“looking forward to look back”

Like Porter and Queen, Banks resists the idea that the digital dislocates the rhetor from their material realities, Banks discusses the digital divide and the discourse surrounding the digital divide: “African Americans occupy a Discursive Divide far broader than the digital one that we’ve all heard about during the last few years” (192). More than just a lack of access, Banks notes a two pronged gap:

  1. African Americans have a healthy dose of technological skepticism, fostered by a long history of witnessing the ways technologies have been used to create ways to subjugate or exterminate people (see “Docile Bodies“)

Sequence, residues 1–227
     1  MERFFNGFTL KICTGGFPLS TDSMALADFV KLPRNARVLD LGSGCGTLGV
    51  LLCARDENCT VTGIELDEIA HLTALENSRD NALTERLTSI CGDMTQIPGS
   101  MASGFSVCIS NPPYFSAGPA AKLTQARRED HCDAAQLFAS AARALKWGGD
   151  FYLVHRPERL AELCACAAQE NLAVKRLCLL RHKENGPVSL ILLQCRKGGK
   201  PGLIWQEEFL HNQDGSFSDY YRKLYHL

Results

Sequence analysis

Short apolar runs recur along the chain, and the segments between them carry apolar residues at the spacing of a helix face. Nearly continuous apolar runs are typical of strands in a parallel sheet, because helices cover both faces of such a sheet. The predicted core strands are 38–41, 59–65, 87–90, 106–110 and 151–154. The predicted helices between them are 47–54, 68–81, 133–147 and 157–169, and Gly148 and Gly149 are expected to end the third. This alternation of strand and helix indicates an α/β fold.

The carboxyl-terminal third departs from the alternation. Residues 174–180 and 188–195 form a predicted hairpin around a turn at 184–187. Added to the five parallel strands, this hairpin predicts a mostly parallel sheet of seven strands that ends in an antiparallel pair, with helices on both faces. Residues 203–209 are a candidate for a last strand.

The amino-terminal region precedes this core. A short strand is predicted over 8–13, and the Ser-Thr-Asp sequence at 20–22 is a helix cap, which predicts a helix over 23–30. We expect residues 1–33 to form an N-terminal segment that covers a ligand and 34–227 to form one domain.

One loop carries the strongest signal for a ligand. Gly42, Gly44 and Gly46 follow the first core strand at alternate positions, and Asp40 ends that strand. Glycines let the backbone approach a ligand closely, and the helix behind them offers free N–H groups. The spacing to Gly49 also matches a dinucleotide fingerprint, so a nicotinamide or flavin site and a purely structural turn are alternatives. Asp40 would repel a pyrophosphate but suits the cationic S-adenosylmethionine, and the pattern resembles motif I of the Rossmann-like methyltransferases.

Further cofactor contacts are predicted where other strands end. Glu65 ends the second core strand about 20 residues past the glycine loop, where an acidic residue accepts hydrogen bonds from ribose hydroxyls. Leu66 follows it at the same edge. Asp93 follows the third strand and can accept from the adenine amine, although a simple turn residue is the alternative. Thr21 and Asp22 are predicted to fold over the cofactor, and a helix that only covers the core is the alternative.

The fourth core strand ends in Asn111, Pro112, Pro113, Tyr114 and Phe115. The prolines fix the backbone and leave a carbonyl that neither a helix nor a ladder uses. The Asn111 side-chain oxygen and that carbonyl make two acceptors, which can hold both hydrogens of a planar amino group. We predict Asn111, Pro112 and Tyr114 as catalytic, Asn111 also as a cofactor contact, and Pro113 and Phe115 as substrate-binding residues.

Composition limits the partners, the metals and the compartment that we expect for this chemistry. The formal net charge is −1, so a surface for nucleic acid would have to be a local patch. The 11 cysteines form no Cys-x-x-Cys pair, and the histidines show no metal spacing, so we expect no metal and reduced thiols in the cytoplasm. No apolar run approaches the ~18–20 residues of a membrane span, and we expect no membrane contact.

2. there is a general lack of understanding about what “actually constitutes meaningful access.” More than just computer ownership or an axiological commitment to computer ownership, Banks notes that “science and technology issues shape the power relationships that have historically provided the exigence for African American rhetors, and they have influence — tangibly and intangibly– the rhetorical situation through the dynamics of control that determine who gets to speak to whom, in what circumstances, and to what degree those messages are mediated” (193).

 

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